BILLINGS — A small tickle quickly turned into stage III lung cancer for one Montana man.
Darren Rivers, 49, lives in Glendive is now a lung cancer patient at Billings Clinic.
Rivers has never been a smoker and said it was a shock when a small tickle in his throat quickly turned into something serious.
The tickle seemed mild to Rivers, maybe just allergies. But after three or four weeks, that cough turned into coughing up blood spots, then coughing up blood completely. That is when he knew he needed to go see a doctor.
"I am still dumbfounded by it," said Rivers. "I started seeing red spots. I thought, spots OK, then it turned into streaks. And one day before I went to work, it came up all blood, and I figured, OK I am going to the doctor right now."
Rivers said from there it was a pretty fast and furious process. He came to Billings Clinic and got an MRI. The next day, after a biopsy, doctors confirmed it was cancer. Then It was off to the races.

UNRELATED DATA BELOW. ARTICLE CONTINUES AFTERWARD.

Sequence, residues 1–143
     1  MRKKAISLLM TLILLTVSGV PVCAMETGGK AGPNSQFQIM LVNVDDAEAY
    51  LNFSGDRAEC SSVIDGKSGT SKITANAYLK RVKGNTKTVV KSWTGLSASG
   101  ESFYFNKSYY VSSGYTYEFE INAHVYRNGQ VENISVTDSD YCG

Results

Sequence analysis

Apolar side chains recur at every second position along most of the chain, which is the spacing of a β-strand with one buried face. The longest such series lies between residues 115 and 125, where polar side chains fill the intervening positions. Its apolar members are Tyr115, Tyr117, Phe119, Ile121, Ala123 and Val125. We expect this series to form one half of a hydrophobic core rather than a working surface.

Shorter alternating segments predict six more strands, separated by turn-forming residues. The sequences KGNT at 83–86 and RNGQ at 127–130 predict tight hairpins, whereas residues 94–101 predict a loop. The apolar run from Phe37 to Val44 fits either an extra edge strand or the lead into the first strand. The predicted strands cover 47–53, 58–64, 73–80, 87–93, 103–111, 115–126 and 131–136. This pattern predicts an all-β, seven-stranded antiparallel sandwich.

"We get tickles in your throat all the time, we get a cough, we get sick. But if something persists, that's getting pretty serious," Dr. Michael Kidd of Billings Clinic said. "Whenever we get someone in with changes in their breathing, or something like coughing up blood, those are situations where you take it seriously and get the evaluation going. So it's kind of an urgency of what you are feeling, getting things arranged."
Rivers said he has never smoked tobacco products and was shocked by the news.
"I broke down I will admit it. For a good hour I cried. You know what am I going to do next? What am I going to tell my family? Am I going to get over the hump? Am I going to see you five years from now? All the emotions," he said.
Rivers is done with 11 days of chemotherapy and now has radiation treatments five days a week, which he'll do until Dec. 9.
Rivers said if he has any advice, it's to never self-diagnose.
"You know, don't self-diagnose. Go see an actual medical doctor. Get some real answers," he said.
"Get it looked at. I mean, if there is something nagging you that has just been hanging with you go get looked at," said Kidd. "The quicker you get in the better. Delaying things that gives the cancer time to grow and time to spread. You shouldn't put things off for sure."
After his last radiation treatment in December, Rivers will start a new kind of treatment called immunotherapy.